If art reflects life, the art world has had a lot to deal with in the past year. It's no surprise that many local art institutions' programming reflects the identity crisis sweeping the nation. A good example are two shows that ended the Wolfsonian-FIU's previous year of programming: "Wit as Weapon" and "Constructing Revolution." Jon Mogul, associate director of curatorial and educational affairs at the museum, notes that the two surveys of propaganda during historical periods of political upheaval really resonated with museum-goers.
Moving forward, however, the museum is looking to reach out more tangibly. October 19 through April 28, 2019, "Deco: Luxury to Mass Market" will explore an architectural and design style close to Miami's heart.
"The 'Deco' show is, for us, very much an opportunity to connect the museum more strongly with our neighborhood in South Beach," Mogul says. "People who come to the exhibition will be able to walk around the nearby streets and look at the buildings with an appreciation of how they were part of a much broader design movement in America, as well as the values and the economic conditions that lay behind that movement."
In a city such as Miami, the notion of “community” can seem out of reach, especially considering the diverse range of discrete cultures that find refuge here. The Frost Art Museum at FIU strives to unite those cultures in “Relational Undercurrents: Contemporary Art of the Caribbean Archipelago,” a vast survey of 21st-century work by artists throughout the Caribbean. The exhibit, running October 13 through January 13, 2019, attempts to make connections among various identities across cultures and populations.
Exploring a different kind of connection, the Institute of Contemporary Art will exhibit two retrospectives by artists Judy Chicago and Larry Bell. Chicago and Bell are lifelong friends who came to prominence in the '60s in seemingly unrelated disciplines: Bell is a minimalist sculptor, and Chicago is a feminist artist. But a major strength of institutions such as art museums is the power of proximity, of what comes up when different approaches are placed side-by-side. "Larry Bell: Time Machines," on view November 1 through March 10, 2019, marks the first comprehensive survey of the artist’s work in an American museum in almost 20 years. "Judy Chicago: A Reckoning," on display December 4 through April 21, 2019, shows the artist's interrogation of roles and skills usually seen as feminine or masculine.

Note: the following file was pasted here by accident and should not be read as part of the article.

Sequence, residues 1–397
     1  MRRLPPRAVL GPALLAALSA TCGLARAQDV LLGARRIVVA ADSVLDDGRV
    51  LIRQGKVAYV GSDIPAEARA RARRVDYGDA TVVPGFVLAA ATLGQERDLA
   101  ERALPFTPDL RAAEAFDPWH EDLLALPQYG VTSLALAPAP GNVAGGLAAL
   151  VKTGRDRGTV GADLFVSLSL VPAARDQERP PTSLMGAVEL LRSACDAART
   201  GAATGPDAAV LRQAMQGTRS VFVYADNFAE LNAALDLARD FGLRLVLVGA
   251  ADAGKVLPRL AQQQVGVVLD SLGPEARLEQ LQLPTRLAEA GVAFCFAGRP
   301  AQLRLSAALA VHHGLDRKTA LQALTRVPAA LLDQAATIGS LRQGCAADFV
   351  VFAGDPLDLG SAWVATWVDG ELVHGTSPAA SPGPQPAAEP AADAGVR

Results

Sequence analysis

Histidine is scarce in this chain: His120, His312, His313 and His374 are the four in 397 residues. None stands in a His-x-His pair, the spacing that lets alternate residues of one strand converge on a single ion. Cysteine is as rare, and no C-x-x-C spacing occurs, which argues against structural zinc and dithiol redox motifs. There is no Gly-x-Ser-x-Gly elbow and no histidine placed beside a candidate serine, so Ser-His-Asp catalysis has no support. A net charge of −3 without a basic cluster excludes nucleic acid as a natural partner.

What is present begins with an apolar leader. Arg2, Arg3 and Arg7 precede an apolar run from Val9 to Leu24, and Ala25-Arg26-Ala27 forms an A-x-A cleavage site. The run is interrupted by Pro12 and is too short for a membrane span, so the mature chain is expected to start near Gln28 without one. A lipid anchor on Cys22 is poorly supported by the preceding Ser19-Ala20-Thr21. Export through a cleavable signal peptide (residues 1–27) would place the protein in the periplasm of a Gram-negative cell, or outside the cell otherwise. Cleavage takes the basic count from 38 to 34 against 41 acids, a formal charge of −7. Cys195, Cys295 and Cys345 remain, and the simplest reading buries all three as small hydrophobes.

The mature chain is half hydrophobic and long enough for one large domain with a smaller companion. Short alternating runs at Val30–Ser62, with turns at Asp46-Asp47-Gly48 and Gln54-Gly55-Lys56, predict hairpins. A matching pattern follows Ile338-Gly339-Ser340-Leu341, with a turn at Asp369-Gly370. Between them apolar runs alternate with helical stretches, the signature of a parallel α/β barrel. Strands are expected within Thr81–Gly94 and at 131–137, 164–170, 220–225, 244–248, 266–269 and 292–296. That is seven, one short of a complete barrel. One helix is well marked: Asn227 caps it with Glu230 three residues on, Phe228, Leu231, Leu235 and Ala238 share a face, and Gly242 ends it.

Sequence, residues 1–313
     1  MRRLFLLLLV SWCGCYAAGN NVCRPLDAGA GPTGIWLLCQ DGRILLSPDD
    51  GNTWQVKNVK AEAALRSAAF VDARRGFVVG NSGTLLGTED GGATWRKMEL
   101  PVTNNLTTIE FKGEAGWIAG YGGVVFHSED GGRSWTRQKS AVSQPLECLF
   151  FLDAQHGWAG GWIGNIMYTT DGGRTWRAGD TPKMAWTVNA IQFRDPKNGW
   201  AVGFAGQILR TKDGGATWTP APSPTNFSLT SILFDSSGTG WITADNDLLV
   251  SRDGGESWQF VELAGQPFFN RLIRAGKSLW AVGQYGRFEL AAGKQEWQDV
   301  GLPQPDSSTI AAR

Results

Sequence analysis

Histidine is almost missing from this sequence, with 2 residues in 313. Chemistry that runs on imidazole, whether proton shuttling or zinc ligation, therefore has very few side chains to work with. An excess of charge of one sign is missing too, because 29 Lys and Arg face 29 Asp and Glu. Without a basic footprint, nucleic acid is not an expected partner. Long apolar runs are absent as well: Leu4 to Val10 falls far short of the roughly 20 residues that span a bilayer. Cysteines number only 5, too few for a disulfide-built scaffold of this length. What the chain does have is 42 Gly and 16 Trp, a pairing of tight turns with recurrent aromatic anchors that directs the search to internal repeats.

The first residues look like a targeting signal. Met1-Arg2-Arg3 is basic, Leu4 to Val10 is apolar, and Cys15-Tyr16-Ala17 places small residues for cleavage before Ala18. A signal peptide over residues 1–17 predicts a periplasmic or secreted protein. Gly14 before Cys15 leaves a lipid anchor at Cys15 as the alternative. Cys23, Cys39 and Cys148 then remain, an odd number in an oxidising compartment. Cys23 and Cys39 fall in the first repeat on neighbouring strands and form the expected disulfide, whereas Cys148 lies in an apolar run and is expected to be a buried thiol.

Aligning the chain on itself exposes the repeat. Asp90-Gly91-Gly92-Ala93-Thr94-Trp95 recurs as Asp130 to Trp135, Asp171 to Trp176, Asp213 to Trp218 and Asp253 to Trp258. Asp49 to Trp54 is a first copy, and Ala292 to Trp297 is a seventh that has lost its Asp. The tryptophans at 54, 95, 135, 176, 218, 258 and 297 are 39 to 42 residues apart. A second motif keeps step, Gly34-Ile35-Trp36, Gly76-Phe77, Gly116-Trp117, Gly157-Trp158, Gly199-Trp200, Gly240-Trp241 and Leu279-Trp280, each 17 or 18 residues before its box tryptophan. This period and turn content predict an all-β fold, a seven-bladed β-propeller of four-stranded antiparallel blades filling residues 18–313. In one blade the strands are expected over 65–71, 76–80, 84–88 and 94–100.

Tobias Ostrander, chief curator at Pérez Art Museum Miami, says the conversations between exhibits are considered deeply at his institution.
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"There’s a lot of diversity of programming happening at the same time," he notes. "We always try to look at these connections across projects so that different ideas come together between exhibitions. People can sort of connect the dots between different projects."
The resonances for this season's upcoming programming touch on two major themes. For works such as Ebony Patterson's installation ...While the Dew Is Still on the Roses... (November 9 through May 5, 2019) and Arthur Jafa's film Love Is the Message and the Message Is Death (through April 21, 2019), audiences can clearly draw parallels between the consideration of black experiences of celebration and oppression in close and often painful quarters. On the other hand, exhibitions such as "Grids: A Collection of Paintings by Lynne Golob Gelfman" (through April 21) and "Christo and Jeanne-Claude: Surrounded Islands: A Documentary Exhibition" (October 4 through February 17, 2019) tell pieces of Miami's distinct art history. It's a fitting range for PAMM to straddle during its 35th year.
The Bass will be no stranger to anniversaries this season either. Celebrating a year in its newly renovated space in October, the museum will begin its own movement outward as it strives to make its programming more accessible through audio tours and a possible digital archive. Upcoming exhibitions, such as Paola Pivi's "Art With a View" (October 13 through March 10, 2019) and the Haas Brothers' "Ferngully" (December 5 through April 21, 2019), demonstrate the Bass' commitment to constantly testing the boundaries of contemporary art, whether through interdisciplinary work or cutting-edge practices. Curator Leilani Lynch remembers that, though the museum is growing up, it's been a process.
"I think a lot of the fear has been about figuring out how we’re working internally," she reflects. "It’s been a lot of moving in and living in the space, which I think is important to do first. So instead of looking outward, it’s been looking inward. From that, yes, we’re settling into our space. It’s come full circle after a year."